U.F. Online, the University of Florida's online arm, has after a yearlong search found a new director. Evangeline Cummings, director of the strategic management division of the U.S. Environmental Protection Agency, will replace founding director Elizabeth D. Phillips, who resigned two months after U.F. Online launched in January 2014. W. Andrew McCollough, associate provost for teaching and technology at the university, has served as interim director during the last 12 months. Cummings, who according to a LinkedIn profile received her bachelor's degree from U.F., will assume the position July 1.
Higher Education Quick Takes
The late Dean Smith, the legendary basketball coach who died last month, left $200 to each of the basketball players he coached over 36 years at the University of North Carolina at Chapel Hill, Sports Illustrated reported. The players are receiving the checks with a note encouraging them to "enjoy a dinner out compliments of Coach Dean Smith."
The Andrew W. Mellon Foundation is continuing to fund projects that tackle digital scholarship and publishing in the humanities, and on Friday the foundation announced another round of such grants. Among the recipients are university presses at the University of Michigan, the University of Minnesota, Indiana University, Northwestern University and Pennsylvania State University, which will cooperate on developing a publication and preservation platform for digital scholarship. "The ultimate goal is to create a shareable, open-source solution for born-digital complementary monograph materials as well as a working model that maximizes the publishing strengths of university presses and the preservation expertise of libraries," a Michigan spokeswoman said in a press release.
The University of Toronto and the union that represents its teaching assistants have agreed to binding arbitration on a contract, ending a strike that has been going on for a month.
Apollo Education Group's revenue and enrollment slide has continued, according to a corporate filing released this week. The publicly traded company, which owns the University of Phoenix, had a net-revenue decline of 15 percent, or $223 million, during the six months prior to March. Phoenix's revenue was down 19 percent in this period. The university's degree-seeking student enrollment dipped by roughly 15 percent, to 213,800. The high-water mark for enrollment at Phoenix was 475,000 in 2010.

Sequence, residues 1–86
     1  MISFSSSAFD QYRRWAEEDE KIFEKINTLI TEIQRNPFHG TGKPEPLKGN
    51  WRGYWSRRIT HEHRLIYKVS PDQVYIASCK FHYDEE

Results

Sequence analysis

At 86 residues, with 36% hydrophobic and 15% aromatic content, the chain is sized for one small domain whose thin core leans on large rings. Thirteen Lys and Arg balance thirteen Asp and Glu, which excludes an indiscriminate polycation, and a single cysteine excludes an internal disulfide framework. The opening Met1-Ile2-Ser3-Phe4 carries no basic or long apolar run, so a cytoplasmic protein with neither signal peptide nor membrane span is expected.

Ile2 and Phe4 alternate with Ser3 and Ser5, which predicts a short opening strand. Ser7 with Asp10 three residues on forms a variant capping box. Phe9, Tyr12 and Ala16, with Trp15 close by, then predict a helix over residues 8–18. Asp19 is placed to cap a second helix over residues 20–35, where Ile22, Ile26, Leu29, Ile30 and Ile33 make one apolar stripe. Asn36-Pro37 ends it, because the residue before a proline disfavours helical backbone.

Ray Cross said Wednesday that he would resign as president of the University of Wisconsin System if $300 million in budget cuts proposed by Governor Scott Walker, a Republican, are not reduced and if legislators make changes that undercut tenure, The Milwaukee Journal Sentinel reported. Cross was appearing at a budget forum at the University of Wisconsin at Milwaukee, and made the pledge in response to a question from faculty members.
About 2,500 people rallied at the University of Mississippi Wednesday to demand that the state higher education board reverse its decision not to renew the contract of Chancellor Dan Jones, The Clarion-Ledger reported. The decision not to keep Jones, despite faculty, student and donor backing, has angered many. The diversity and size of the rally was notable, the newspaper said.
"Around 2,500 people -- estimated by some to be the largest nonathletics gathering on campus in decades -- gathered in front of the university's Lyceum. They were old and young, representing both town and gown. There were professors and staff members. Frat bros and hipsters. Black and white. All gathered in one place to support their chancellor, Dr. Dan Jones," the article said.
Stanford University has released a letter to the faculty from Provost John Etchemendy about an "unusually high number of troubling allegations" about academic dishonesty during the fall quarter. "Among a smattering of concerns from a number of winter courses, one faculty member reported allegations that may involve as many as 20 percent of the students in one large introductory course," the letter said. It urged faculty members to be mindful of their "role in helping students understand the seriousness of academic dishonesty."
High school counselors have significant time demands that keep them from spending as much time as many would like on college advising, according to a report released Wednesday by the National Association for College Admission Counseling. Most counselors in the High School Longitudinal Study of 2009 reported that their departments spent less than 20 percent of their time on college readiness, selection and applications. In addition, the study found that fewer than two-fifths of counselors indicated that their school had a counselor whose main responsibility was college applications or college selection.